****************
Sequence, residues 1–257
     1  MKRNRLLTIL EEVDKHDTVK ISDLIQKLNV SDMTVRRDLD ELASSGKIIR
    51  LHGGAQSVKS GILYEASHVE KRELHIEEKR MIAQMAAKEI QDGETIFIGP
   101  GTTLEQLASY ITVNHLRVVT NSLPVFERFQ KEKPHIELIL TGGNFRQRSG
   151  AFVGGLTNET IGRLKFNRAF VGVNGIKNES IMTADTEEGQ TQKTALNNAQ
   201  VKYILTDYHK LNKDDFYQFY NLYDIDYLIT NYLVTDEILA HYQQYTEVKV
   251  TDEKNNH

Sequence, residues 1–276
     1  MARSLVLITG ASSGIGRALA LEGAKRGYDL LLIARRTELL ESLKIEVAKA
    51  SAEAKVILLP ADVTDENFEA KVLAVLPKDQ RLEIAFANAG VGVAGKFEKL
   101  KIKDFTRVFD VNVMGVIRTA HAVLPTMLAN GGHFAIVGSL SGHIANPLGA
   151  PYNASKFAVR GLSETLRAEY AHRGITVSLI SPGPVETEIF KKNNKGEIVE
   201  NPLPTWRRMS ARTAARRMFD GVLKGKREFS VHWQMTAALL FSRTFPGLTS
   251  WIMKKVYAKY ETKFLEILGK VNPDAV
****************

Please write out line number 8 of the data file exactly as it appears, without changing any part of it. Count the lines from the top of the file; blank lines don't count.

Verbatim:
Sequence, residues 1–276